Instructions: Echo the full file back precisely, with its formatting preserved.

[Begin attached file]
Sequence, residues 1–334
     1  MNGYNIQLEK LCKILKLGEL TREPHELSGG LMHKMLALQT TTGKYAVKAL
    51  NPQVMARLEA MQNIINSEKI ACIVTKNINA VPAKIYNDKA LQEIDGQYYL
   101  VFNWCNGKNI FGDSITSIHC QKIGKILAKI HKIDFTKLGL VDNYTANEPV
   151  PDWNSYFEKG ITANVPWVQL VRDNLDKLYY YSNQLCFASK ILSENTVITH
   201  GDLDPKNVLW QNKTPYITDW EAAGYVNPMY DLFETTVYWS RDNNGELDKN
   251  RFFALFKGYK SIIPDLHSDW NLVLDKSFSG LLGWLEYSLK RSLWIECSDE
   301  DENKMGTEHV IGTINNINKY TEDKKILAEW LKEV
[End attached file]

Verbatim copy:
Sequence, residues 1–334
     1  MNGYNIQLEK LCKILKLGEL TREPHELSGG LMHKMLALQT TTGKYAVKAL
    51  NPQVMARLEA MQNIINSEKI ACIVTKNINA VPAKIYNDKA LQEIDGQYYL
   101  VFNWCNGKNI FGDSITSIHC QKIGKILAKI HKIDFTKLGL VDNYTANEPV
   151  PDWNSYFEKG ITANVPWVQL VRDNLDKLYY YSNQLCFASK ILSENTVITH
   201  GDLDPKNVLW QNKTPYITDW EAAGYVNPMY DLFETTVYWS RDNNGELDKN
   251  RFFALFKGYK SIIPDLHSDW NLVLDKSFSG LLGWLEYSLK RSLWIECSDE
   301  DENKMGTEHV IGTINNINKY TEDKKILAEW LKEV